Anthony Le’s review published on Letterboxd:
"Is that me?"
"Of course it's you"
"Because during performances I handle them a lot. They damage easily."
After strong recommendation, and I mean very strong recommendation from many Letterboxd users that I highly respect (Shawn Palmquist, Dragonknight and Bruno Youn just to name a few), I was convinced the give this film a chance. And let me say, this is an experience like no other. The Double Life Of Veronique itself is beautifully crafted - from the mesmerizing shots to the eerie music selection, everything put in this film really clicks. And though this may seem like a given, it's honestly one of the hardest things to find in film.
Often, I find that directors add in unnecessary scenes or lines - one's that, though forgivable, are still observable flaws. Examples of this are included in films I absolutely loved - even in something such as Before Sunset, some of the films felt as though they could've been trimmed down, but when it comes down to the final product, I still see it as an absolutely amazing film. Yet, The Double Life of Veronique never feels as though anything should, or could be removed. At a relatively short runtime of 99 minutes, director Krzysztof Kieslowski playfully balances his material to be spread evenly throughout the entire films; therefore enabling the audience to never get tired of what they're seeing on screen.
As much as I admire the pacing and storytelling though, there are two key things that make this film above and beyond: the first being Irene Jacob's masterful performance as both Veronique and Weronika. I'm tempted to say it's one of the best performances I've seen on screen - it's equally subtle and powerful: everything that she does on screen is suggestive of a certain emotion, or mood. Yet saying this, she still feels like a real individual, one that you could meet, and that's the beauty of this film. It creates the illusion that the fantastical portion of the film could be real; by firstly emphasizing the circumstances of Veronique's life, but also through Jacob's amazing performance.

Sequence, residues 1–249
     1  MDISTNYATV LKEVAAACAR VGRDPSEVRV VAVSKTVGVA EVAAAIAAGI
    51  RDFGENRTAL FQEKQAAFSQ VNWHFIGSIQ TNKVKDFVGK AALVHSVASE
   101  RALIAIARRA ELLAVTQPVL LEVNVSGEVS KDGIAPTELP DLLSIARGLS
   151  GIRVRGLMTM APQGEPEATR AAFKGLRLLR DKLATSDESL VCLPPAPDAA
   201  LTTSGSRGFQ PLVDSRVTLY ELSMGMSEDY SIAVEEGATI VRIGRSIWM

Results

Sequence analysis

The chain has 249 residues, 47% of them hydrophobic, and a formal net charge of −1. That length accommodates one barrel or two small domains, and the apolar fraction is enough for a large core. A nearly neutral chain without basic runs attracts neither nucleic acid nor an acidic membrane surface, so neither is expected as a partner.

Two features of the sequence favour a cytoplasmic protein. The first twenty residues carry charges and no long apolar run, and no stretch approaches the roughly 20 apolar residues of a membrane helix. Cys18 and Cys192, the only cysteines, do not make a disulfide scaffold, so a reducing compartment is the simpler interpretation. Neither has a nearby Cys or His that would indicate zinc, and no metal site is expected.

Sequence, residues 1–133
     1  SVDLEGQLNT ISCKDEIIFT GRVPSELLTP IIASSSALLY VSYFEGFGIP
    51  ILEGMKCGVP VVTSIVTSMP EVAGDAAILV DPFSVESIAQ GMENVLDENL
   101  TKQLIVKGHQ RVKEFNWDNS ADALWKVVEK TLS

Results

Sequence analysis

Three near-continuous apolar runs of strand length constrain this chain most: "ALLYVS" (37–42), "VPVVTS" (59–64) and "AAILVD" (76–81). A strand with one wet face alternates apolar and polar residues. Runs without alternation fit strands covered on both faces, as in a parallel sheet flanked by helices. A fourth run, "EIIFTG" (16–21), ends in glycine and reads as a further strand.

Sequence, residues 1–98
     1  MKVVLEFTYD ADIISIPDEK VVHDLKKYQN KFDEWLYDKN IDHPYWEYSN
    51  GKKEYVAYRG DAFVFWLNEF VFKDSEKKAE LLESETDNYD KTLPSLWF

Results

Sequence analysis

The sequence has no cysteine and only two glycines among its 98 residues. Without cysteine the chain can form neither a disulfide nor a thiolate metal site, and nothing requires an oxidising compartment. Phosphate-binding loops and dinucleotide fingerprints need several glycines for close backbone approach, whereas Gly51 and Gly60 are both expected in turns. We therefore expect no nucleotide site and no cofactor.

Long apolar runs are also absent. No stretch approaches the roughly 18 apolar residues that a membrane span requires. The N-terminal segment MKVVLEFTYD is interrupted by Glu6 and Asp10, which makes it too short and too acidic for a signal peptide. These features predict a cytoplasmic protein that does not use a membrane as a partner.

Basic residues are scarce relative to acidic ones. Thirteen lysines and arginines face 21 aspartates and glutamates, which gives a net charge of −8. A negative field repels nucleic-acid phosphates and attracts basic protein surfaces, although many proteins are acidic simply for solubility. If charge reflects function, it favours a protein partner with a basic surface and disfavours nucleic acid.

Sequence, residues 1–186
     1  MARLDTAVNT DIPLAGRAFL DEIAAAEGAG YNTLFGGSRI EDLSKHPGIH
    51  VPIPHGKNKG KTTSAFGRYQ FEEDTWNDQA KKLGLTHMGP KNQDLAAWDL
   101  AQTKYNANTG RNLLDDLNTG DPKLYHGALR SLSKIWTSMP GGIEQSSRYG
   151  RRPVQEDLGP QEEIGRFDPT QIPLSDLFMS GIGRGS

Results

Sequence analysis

The second thing I really admired about this film is it's visual style. Never have I seen a director capture images so beautifully - through his use of colourization and framing. It's incredible to experience Krzysztof Kieslowski's colour palette in this film, it's almost reminiscent of a more subtle, 90's version of Wes Anderson. And I think while keeping the sets incredibly realistic, he allows himself a margin of creative leniency, in which he makes the film even better than it is by showcasing his keen eye for visuals.
In short, The Double Life of Veronique is everything in one package. Technically, it features a masterfully written screenplay along with a stunningly powerhouse performance from Irene Jacobs: who's equally emotional as she is subtly humane. This film is the all-in-one type of package: the performances are great, the cinematography is great and to top it all off, Kieslowski provides one of the most daring, and original premises for a film that I've ever seen brought to a big screen.